The second place to find funding is through the Rowan County Board of Commissioners. That year, the commissioners cut nearly $ 500,000 from current expenses for the district, while the local portion of salary and welfare expenses increased by $ 416,000. Local funding is $ 38.8 million.

“One of the things our county needs to sell to businesses and potential citizens is quality schools,” Herndon said, adding that it requires quality staff and competitive wages.

Herndon said RSS should meet with the commissioners in person to have a conversation so that district officials can understand the district’s needs. Letters sent to district officials each year may lack the emotion and passion behind the district’s work.

The district has introduced itself to commissioners in the past, but the COVID-19 pandemic has made this meeting difficult.

The county also provides almost all of the capital funding for the county. Small purchases of equipment such as furniture could be made, but local money is used to build schools.

The final way to find money is to exercise some financial discretion. Renewal gives the district more government funding flexibility than the average district, making it easier to keep track of the district’s spending.

Herndon cited as an example of buying curriculum materials and analyzing whether that product gives the district what it wants. If not, RSS could test competing products or free up that money for other initiatives.

“If we are serious about offering competitive wages to our employees, we need to look very carefully at what we are currently funding,” said Herndon.

Inexperienced Lake Township Votes to Maintain Federal COVID-19 Reduction Cash

In May, members of the Green Lake Township Board in Grand Traverse County voted to distribute a portion of their federal COVID-19 aid to township workers, including elected officials.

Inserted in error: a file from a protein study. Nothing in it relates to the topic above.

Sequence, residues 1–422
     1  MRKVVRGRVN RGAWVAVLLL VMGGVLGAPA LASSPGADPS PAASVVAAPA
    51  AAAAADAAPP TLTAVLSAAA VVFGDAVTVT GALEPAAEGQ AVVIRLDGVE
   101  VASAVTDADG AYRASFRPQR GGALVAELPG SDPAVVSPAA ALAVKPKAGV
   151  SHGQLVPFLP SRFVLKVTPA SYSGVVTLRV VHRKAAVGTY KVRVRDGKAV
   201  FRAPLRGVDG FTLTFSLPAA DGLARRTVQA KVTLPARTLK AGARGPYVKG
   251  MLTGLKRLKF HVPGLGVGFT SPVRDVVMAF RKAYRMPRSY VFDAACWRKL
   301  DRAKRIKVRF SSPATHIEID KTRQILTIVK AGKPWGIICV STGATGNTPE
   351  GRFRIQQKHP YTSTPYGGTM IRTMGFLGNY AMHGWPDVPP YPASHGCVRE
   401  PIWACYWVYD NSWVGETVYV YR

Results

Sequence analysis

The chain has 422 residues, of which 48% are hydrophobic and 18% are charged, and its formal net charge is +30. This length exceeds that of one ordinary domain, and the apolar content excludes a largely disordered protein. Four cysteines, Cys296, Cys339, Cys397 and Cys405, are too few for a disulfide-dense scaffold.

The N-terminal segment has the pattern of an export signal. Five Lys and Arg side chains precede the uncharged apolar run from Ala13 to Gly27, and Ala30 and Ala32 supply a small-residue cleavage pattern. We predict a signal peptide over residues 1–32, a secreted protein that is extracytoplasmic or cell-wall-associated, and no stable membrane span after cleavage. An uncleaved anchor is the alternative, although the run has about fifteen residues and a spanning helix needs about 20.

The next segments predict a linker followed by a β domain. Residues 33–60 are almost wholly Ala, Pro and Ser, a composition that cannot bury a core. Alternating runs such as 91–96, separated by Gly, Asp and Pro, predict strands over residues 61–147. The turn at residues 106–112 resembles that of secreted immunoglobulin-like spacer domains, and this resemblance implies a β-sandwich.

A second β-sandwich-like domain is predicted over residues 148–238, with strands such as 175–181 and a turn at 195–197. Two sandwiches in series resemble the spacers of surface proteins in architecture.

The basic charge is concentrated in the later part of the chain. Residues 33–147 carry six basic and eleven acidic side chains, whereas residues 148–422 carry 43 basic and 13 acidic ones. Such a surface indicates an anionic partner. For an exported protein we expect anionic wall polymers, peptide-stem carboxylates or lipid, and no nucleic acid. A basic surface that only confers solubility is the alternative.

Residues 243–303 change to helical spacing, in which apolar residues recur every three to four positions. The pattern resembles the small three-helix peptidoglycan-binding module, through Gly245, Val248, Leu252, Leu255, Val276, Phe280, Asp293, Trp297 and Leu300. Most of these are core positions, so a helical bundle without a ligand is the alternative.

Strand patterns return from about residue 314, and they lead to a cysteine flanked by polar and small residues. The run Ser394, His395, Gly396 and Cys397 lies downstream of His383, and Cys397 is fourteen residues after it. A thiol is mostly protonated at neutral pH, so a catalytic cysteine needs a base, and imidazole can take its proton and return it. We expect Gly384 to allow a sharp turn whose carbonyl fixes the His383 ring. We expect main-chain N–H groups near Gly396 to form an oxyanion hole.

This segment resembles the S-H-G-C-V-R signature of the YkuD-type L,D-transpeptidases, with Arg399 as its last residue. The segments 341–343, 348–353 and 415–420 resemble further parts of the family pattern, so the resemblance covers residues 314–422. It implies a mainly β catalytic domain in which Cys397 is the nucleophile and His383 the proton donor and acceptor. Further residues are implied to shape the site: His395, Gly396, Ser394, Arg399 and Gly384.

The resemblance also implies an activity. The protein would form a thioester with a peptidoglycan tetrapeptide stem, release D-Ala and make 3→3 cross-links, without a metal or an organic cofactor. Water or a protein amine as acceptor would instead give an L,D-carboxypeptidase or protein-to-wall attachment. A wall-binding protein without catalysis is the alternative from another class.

During a community meeting on Monday, the board voted four to three to put the funds on hold.

Members plan to review where the money is going and make sure it is in line with federal guidelines.

The federal government says the aid money can be used for infrastructure, lost revenue, personal protection and equipment, and staff, as well as the salaries of elected officials.

However, the state says the money cannot go to elected officials.

Marvin Radtke, the Green Lake Township overseer, says the COVID-19 aid money should be based solely on federal guidelines as it is federal money.

Radtke says he and the community clerk invested more than 1,000 hours of overtime to protect the community during the pandemic.

“I was down in the playground and wiped things off according to the instructions of the executive,” said Radtke. “Whenever someone touched the playground equipment, they had to be wiped off.”

A community member who volunteered during the November election says Judy Kramer, Green Lake community secretary, made sure everyone was safe during the election.

“Judy Kramer took such care to keep us healthy. She made sure we had the personal protective equipment we needed, ”said Linda Pepper, a resident of Green Lake Township. “I don’t mind going ahead and rewarding someone who goes far and higher. You kept everyone sane; that is a huge achievement.

The church now plans to hold a series of meetings to get an idea of ​​where people want the funds to go.